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Armed Forces Recruitment

Volume 400: debated on Monday 3 March 2003

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If he will make a statement on recruitment to the armed forces since January. [99854]

Audited recruitment figures since 1 January 2003 are not yet available. However, armed forces recruitment is progressing well, and the early indications are that the level of interest being shown by young people in pursuing an armed forces career reflects no discernible difference when compared to the same period last year.

Is it not odd that at this of all times, and when recruitment shows encouraging signs of increasing,Soldier magazine has confirmed the fears of many of us that some recruits

"are to have their initial training courses deferred because recruiting has exceeded current funding levels"?
Are the Department's finances so dire that such deferment has to take place, and do not the Minister and his colleagues appreciate that invaluable training momentum is being thrown away?

No, it is not. As a former Minister, the hon. Gentleman will know that Departments always make certain planning assumptions for the year. To ensure that the training pipeline is able to cope with the number of recruits, some training periods are being deferred from March to April or May, which hardly amounts to much in the great scheme of things. I should have thought that it would be a matter of joy, rather than condemnation, in the House that recruitment levels are exceeding expectations.

Is the Minister aware that since 1997 recruitment to the armed forces in south Tyneside has more than halved? Does he have any observations on that dramatic decline? More importantly, what measures does he intend to introduce to make recruitment to the armed forces more attractive to young people?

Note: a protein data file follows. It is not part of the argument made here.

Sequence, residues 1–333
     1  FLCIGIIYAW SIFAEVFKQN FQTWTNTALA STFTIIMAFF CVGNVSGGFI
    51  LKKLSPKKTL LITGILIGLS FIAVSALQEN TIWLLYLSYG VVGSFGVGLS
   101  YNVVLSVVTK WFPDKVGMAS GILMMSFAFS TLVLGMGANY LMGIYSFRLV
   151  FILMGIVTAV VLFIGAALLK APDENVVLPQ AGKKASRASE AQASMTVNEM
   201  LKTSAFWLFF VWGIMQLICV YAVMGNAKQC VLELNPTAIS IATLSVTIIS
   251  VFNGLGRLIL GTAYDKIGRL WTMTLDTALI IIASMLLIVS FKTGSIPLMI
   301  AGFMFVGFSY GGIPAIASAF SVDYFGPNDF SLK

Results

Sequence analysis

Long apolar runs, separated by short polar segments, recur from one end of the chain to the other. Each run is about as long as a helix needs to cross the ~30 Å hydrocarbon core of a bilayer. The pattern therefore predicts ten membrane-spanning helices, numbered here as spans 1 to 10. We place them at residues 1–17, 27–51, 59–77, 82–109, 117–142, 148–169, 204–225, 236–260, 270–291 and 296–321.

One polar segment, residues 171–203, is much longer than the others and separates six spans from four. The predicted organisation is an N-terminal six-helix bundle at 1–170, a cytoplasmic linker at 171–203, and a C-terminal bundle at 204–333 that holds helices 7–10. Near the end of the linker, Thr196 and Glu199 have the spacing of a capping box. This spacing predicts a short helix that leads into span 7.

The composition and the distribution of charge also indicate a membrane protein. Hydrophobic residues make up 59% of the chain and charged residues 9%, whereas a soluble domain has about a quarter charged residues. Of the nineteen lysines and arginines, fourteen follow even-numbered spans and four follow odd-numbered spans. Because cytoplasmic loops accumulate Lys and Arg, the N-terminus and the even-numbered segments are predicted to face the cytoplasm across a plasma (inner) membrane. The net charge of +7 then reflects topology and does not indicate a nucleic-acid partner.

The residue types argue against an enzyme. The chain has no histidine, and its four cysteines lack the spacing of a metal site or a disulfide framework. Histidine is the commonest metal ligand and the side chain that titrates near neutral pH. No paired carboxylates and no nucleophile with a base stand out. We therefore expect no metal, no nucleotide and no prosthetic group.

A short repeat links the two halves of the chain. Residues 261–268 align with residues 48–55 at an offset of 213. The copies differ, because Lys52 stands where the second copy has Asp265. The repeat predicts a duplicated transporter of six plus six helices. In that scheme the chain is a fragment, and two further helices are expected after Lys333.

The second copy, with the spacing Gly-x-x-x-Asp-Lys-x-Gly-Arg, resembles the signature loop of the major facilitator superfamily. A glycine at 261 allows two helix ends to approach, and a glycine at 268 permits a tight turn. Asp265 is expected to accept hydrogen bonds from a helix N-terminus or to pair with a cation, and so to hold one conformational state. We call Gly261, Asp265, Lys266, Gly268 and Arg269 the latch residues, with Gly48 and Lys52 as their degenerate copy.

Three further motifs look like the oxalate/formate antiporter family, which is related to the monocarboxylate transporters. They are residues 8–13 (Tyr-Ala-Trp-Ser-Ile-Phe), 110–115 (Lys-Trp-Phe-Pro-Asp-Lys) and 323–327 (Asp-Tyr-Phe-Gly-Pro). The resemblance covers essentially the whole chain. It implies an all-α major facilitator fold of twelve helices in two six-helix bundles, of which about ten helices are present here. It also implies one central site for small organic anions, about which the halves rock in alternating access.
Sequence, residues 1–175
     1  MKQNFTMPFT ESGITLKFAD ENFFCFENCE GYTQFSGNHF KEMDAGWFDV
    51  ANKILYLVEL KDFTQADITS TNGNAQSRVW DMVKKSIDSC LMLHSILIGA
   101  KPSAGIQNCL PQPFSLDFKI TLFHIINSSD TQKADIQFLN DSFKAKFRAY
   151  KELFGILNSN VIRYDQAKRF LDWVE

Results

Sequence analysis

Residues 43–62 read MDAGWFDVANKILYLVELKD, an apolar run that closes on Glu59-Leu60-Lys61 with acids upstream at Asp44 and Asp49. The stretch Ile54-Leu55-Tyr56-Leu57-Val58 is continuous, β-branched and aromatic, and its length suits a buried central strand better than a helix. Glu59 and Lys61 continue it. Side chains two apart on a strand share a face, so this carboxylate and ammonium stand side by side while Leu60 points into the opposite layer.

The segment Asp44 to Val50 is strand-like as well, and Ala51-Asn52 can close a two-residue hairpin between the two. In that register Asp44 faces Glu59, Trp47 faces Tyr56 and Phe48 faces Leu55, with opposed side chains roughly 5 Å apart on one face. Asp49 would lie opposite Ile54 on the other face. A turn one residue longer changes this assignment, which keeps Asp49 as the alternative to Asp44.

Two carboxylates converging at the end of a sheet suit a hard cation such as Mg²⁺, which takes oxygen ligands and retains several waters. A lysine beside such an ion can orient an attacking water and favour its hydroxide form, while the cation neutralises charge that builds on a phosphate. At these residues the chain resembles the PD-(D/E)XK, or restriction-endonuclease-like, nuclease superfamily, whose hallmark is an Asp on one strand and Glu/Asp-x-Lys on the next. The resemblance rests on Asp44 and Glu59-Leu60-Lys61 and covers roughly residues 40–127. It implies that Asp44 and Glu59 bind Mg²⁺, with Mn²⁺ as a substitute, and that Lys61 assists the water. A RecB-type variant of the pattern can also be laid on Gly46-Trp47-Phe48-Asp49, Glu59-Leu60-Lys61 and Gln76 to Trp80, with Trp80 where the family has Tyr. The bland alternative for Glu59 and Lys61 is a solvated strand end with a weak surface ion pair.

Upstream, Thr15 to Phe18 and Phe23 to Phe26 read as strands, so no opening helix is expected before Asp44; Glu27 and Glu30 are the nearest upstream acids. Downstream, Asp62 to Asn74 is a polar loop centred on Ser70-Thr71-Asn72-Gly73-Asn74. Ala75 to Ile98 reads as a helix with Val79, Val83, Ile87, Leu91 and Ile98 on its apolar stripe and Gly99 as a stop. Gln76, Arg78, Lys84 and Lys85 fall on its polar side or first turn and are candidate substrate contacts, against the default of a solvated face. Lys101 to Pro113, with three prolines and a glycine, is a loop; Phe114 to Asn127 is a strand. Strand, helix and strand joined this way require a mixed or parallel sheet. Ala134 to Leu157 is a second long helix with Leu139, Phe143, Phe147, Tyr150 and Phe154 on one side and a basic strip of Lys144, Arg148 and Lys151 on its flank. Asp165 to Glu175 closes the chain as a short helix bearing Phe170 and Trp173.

I should like to say that it is a tribute to the Government's economic policies that job opportunities in the north-east of England are looking up. Without appearing facetious, however, I am concerned when areas show a diminution in recruitment. I will consider that with those responsible to see what can be done to improve the situation.

I am sure that the Minister would agree that an important part of the appeal of the recruitment package is the armed forces pension scheme. Will he take the opportunity to quash rumours expressed to the Commander-in-Chief of Strike Command at RAF Lossiemouth last week that under Government plans, any length of service that terminates before an individual reaches 55 would result in a deferred pension to a new public sector retirement age of 65?

Until the report is received and published, I cannot give that confirmation. However, those who complete their service, according to the rules, will suffer no deferment of their pension.

:Is the Minister on target for the recruitment of more black and Asian people into the armed forces? Is he as concerned as I am about the number of claims of racial discrimination that have been made against the armed forces? If he is, what practical steps are he and his colleagues taking to ensure that racism is eradicated from our armed services?

We show zero tolerance to racism in the armed forces. The figures have increased dramatically over the past year, which shows that our policies on the recruitment of ethnic minorities are paying off and that those within our ethnic minorities are beginning to realise that they have nothing to fear from racism in the armed forces.

Given the evident problems with recruitment and manpower generally, why does the Ministry of Defence believe that our armed forces should be 4,000 fewer in personnel now than just two years ago?

As I think I explained in an earlier answer, defence planning assumptions are not set in stone and vary according to the requirements that the armed forces tell us about. We are not the experts in that; they are. If the experts whom we employ, and our service personnel in particular, tell us what the requirements are, naturally we pay heed to them. What on earth would the hon. Gentleman do in the same circumstances?